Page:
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COVID-19 protocols impose obligations on employees
13 Sep 2021 2:00 pm by Dr Hilda Grobler
The developing law has been and is still being outpaced by the coronavirus pandemic, but it is quite apparent that while the employer bears the obligation to ensure that the workplace is safe, the employee also has corresponding obligations.
Written by Dr Hilda Grobler, Director of Aequitate Dispute Resolution Services (Pty) Ltd, for LexisNexis South Africa
Deep into its second devastating year, daily reports from different parts of the world show that it is well-nigh impossible to control the rapid pace at which the Delta variant, one of four identified “variants of concern” of COVID-19, is spreading.
It is a fact that the developing law has been and is still being outpaced by the coronavirus.
The revised Directions in terms of the Disaster in Management Act Regulations require employers to balance employee rights and interests against those of the workplace.
While employers are required to provide a safe workplace, employees are obliged to:
- Obey the health and safety rules and procedures laid down by their employer.
- Take reasonable care for the health and safety of themselves and of other persons who may be affected by their acts or omissions.
Employees must wear masks
Experts advise that even after one has been vaccinated, one should continue to wear a maskwhile practisingsocial distancing, avoiding crowded situations, sanitising and giving preference to well ventilated spots - as the vaccinated people in Israel have discovered.
Masks only reduce viral transmission if worn correctly: It is a simple barrier to prevent your spray of respiratory droplets from reaching others - and from theirs reaching your face. Unless it covers your chin, mouth and nose, the virus can get in and it can get out.
Operational requirements will determine whether masks suffice, or vaccinations are mandatory requirements to enter the workplace.
It is important to remember that the wearing of a mask is mandated by law and it is a criminal offence not to do so.
There are conflicting arbitration awards as to whether the dismissal of employees who failed to wear their masks properly at the workplace was justified or not. Like in all other instances it depended on the facts whether such misconduct attracted a warning or a dismissal.
The applicant in the matter of Numsa obo Manyike/Wenzane Consulting & Construction wore a mask but dropped it below his mouth while speaking on his cellphone.
He was dismissed as a consequence.
In the absence of the respondent, the MEIBC arbitrator proceeded by default, and reinstated the applicant who was on a final written warning at the time for having committed the same misconduct a few days earlier.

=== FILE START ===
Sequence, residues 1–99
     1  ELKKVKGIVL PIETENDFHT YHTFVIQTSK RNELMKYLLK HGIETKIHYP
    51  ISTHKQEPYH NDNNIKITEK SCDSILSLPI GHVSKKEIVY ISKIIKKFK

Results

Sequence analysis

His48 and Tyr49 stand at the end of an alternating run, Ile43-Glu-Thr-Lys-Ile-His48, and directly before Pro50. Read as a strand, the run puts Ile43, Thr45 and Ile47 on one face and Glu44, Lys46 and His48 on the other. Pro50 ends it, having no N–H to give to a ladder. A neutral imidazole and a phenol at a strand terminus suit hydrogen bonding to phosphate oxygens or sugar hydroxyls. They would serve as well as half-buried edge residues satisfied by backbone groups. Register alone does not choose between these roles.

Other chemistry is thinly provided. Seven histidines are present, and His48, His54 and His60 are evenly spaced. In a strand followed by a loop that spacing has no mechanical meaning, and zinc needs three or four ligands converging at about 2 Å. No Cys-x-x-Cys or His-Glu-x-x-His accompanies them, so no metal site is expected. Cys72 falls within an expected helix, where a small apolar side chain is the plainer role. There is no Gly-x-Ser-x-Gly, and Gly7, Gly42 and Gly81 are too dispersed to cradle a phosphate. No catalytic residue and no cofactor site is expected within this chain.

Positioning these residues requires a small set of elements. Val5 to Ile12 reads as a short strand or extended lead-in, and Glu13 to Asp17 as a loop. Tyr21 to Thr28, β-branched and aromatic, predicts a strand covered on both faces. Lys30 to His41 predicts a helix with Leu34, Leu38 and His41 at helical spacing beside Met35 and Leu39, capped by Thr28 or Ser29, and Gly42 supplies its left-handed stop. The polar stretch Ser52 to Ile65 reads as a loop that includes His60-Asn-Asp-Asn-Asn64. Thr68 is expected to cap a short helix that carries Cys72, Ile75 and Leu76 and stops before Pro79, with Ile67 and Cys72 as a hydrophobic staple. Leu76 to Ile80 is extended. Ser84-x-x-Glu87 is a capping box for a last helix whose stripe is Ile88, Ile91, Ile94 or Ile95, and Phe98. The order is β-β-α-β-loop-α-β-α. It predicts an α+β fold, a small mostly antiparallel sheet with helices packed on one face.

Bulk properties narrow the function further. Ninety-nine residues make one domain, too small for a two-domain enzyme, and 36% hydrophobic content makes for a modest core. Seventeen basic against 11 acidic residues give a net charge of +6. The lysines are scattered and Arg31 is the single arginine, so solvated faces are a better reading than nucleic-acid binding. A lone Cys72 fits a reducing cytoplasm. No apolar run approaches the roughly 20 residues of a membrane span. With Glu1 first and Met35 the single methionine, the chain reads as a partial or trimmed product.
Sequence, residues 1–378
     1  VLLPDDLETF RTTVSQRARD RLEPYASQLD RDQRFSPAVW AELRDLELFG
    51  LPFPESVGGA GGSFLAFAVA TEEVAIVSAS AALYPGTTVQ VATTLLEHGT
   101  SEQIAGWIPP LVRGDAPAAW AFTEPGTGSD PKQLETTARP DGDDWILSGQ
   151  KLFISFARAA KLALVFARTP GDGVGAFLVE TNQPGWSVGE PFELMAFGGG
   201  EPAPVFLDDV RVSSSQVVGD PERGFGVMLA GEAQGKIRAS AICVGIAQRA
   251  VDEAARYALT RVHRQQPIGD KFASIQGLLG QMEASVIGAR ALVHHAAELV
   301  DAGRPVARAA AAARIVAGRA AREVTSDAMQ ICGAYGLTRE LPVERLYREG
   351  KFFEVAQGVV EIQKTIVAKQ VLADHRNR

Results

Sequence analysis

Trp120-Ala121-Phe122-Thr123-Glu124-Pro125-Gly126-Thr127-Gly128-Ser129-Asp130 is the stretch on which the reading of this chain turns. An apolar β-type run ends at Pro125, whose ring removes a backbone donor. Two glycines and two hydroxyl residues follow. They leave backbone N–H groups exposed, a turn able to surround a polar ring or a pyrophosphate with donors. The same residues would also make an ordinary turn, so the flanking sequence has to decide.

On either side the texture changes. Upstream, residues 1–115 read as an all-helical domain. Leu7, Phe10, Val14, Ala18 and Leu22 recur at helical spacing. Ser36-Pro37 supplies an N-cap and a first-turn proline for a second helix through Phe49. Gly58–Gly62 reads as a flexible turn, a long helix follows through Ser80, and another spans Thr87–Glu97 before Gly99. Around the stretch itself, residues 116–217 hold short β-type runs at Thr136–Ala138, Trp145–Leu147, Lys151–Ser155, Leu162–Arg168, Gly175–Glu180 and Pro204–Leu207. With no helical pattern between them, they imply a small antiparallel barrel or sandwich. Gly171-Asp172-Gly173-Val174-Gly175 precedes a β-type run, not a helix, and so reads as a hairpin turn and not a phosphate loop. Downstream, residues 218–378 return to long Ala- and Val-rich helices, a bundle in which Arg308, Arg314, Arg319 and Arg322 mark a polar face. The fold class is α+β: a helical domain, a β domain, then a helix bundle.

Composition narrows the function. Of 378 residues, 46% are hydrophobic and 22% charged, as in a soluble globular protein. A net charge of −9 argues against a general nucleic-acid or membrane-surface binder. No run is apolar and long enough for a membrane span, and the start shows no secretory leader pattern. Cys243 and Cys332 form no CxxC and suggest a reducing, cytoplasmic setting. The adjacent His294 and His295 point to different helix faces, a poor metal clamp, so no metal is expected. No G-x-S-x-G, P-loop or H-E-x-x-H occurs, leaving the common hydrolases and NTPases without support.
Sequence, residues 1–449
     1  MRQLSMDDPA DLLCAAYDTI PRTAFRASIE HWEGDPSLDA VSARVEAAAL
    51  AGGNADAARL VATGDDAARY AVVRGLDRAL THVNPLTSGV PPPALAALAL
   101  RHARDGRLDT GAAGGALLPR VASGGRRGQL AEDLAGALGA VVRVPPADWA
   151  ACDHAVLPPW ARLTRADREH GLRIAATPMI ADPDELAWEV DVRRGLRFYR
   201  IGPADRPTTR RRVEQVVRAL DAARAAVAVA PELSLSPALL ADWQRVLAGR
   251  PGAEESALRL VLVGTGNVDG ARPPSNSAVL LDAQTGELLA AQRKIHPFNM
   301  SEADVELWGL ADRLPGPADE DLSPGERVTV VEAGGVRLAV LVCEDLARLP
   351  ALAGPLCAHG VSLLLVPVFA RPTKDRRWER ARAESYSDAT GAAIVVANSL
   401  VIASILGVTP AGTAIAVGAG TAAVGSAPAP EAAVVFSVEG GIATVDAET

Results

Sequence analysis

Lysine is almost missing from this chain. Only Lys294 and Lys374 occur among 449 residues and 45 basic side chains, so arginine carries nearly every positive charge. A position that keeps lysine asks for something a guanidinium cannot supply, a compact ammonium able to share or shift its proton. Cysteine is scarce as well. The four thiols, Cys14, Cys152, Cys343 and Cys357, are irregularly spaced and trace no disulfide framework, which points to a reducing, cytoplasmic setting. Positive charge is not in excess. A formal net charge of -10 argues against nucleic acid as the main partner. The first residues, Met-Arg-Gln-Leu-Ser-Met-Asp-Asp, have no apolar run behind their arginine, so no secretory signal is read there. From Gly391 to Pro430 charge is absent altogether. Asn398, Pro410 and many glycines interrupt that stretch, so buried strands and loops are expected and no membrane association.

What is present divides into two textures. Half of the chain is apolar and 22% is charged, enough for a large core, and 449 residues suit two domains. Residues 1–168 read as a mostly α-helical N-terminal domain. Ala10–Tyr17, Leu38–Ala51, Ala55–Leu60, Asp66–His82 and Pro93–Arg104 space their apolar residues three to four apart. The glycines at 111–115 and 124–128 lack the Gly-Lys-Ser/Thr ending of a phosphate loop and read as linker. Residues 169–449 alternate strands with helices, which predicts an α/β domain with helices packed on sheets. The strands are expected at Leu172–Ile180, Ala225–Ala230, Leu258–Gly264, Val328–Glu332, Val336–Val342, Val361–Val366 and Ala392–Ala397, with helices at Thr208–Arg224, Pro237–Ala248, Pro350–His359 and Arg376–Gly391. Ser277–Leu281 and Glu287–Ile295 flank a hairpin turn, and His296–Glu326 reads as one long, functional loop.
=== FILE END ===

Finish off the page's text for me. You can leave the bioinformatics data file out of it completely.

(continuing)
Employees must adhere to COVID-19 protocols
A number of employees who failed to adhere to the COVID-19 protocols, have faced disciplinary hearings. In terms of the arbitration awards that have been rendered thus far, it would appear that dismissal was deemed to have been the appropriate sanction.
Following his disciplinary hearing, the employee referred an alleged unfair dismissal dispute to the Road Freight Bargaining Council (Detawu abo Jacobs and Quality Express).
It was common cause that the applicant went for a COVID-19 test after experiencing some symptoms. While he was waiting for his test results, he went to work in direct breach of the COVID-19 protocols.
Whilst at the workplace, he had direct contact with several employees and thus potentially exposed them to the virus. He claimed that his dismissal was unfair because he had not received training on COVID-19 measures; that there wasn’t a COVID-19 policy at the workplace; that he had no knowledge of any rules relating to COVID-19 protocols; and therefore claimed that he was not in breach of any rule.
The Commissioner did not accept these reasons and found that the dismissal was for a fair reason.
Employee cannot claim constructive dismissal or discrimination
If the employee is dismissed because of a Covid-19 breach, he cannot claim constructive dismissal, discrimination or a breach of his constitutional rights.
If the employer had followed the required steps in terms of the Directions issued in terms of the Occupational Health and Safety Measures in Certain Workplaces, and had objectively evaluated the employee’s rights in terms of section 12(2)(b) of the Bill of Rights, or had given effect to the principle of reasonable accommodation (where applicable), it stands to reason that there would neither have been a breach of his constitutional rights nor would it amount to discrimination.
There is simply no basis upon which an employee can argue that the employer had made his employment intolerable when he was required to give effect to the law, alternatively to COVID-19 protocols.
It is therefore quite apparent that while the employer bears the obligation to ensure that the workplace is safe, the employee also has corresponding obligations. Balancing the interests of both parties means that both must give effect to all the COVID-19 protocols, alternatively, the developing law.
Dr Hilda Grobler
Director of Aequitate Dispute Resolution Services (Pty) Ltd